According to data from market research firm Dynatrace, a majority of consumers – 61% – expect pages within mobile retail apps to download completely in four seconds or less. Anything longer than that, and retailers risk frustrating their users and having them abandon the app or perhaps uninstall it completely.
And yet, most retail apps fall well short of this goal. By including too many requests or making the total file size too large, and by not optimizing their app’s overall performance, most major retail apps take at least two or three times that desired amount of time to download the main page.
PacketZoom’s Mobile App Retail Index benchmarks the performance of selected popular retail applications. The Index focuses on the most frequently visited page of each app and ranks them by average download time.
The variability in download time is a result of both app infrastructure and design methodology. Brands that are ranked high are likely to use either advanced mobile acceleration technologies or minimal design approach (or both).
In addition to the current performance, the Mobile App Retail Index lists the download time of each app using PacketZoom Mobile Expresslane technology.
As seen in the charts above, Sephora is the only major retail app we looked at that kept the download time for its main screen under the four second threshold. Walmart came close at 4.1 seconds. Both Sephora and Walmart adopted a design that promotes more requests while keeping the page lightweight (low KB), thereby ensuring faster load times.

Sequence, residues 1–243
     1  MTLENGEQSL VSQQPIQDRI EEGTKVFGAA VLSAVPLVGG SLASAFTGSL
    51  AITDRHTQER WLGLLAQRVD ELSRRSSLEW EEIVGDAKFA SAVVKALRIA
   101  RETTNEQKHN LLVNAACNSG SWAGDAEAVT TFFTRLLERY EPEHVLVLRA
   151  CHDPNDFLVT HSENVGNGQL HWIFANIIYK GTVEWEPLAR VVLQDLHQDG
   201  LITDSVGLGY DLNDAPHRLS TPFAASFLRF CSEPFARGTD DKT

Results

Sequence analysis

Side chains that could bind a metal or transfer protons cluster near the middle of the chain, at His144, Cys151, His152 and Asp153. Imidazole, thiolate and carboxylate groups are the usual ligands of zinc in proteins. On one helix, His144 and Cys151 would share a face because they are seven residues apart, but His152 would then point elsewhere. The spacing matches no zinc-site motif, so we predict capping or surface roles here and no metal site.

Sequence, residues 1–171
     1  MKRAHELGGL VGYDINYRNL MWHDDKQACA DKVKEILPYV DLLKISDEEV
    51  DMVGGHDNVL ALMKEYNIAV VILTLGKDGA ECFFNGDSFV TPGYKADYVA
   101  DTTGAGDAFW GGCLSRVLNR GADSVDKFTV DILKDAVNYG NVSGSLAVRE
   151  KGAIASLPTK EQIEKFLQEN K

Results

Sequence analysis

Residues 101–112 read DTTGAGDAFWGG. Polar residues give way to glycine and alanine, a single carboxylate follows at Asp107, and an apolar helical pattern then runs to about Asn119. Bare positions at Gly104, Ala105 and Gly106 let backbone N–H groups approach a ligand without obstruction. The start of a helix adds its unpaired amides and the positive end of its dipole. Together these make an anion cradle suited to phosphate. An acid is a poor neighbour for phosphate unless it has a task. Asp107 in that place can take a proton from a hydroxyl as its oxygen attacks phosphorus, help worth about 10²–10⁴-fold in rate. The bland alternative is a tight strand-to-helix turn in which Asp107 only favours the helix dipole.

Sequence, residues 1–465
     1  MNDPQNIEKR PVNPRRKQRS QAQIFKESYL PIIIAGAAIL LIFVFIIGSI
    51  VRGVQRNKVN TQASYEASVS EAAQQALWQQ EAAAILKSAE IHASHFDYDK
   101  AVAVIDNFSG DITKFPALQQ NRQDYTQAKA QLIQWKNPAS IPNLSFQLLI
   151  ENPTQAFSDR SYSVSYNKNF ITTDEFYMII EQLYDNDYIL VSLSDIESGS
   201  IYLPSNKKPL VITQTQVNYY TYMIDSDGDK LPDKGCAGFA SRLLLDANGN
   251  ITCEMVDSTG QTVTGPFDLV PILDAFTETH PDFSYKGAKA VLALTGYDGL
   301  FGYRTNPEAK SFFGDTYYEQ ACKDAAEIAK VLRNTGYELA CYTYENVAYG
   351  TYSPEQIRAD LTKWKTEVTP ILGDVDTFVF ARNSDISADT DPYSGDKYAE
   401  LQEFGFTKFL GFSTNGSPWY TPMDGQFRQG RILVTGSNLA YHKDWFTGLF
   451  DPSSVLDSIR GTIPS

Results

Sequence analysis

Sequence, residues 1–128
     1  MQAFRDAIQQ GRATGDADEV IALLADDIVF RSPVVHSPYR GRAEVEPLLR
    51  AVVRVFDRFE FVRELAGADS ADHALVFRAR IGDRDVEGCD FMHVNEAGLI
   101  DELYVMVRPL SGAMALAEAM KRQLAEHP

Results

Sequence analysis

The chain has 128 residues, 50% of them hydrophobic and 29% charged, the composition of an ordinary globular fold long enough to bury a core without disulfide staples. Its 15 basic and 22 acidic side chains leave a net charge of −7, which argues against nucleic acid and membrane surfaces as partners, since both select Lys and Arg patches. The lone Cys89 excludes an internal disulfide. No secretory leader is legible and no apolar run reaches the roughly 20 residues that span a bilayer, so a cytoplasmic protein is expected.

However, major retailers such as Zappos, Home Depot, Kohl’s and others failed to follow best practices, and their apps’ download times suffered accordingly, with download times of their app’s main screens approaching 30 seconds or longer — an insufferably long time for today’s consumers.
Similar to web pages, mobile pages represent essentially a collection of content elements that are fetched from the server and rendered on the user app. From a networking point of view the communication back and forth is very similar between the two platforms, and as such the size of the content download combined with the number of elements that has to be fetched will affect the number of network round trips that will take place to download the entire page.
Other than the app design itself, other factors that affect the app performance are the network conditions, which may vary from one geo-location to the other. The CDN utilized by the app publisher also plays a role in app performance, and a recent PacketZoom report reveals that indeed Mobile app publishers have moved away from traditional CDN’s and are adopting newer ones (such as Amazon Cloudfront) that were created with mobile developers in mind.
In order to optimize app page download times, we recommend proper testing and monitoring using real devices to take place during the design stage and not after the fact. Too many mobile departments are “driving blind” by not having real time access to user experience data. Real user monitoring for mobile apps is not difficult to employ and is offered by PacketZoom along with our Mobile Expresslane in-app technology.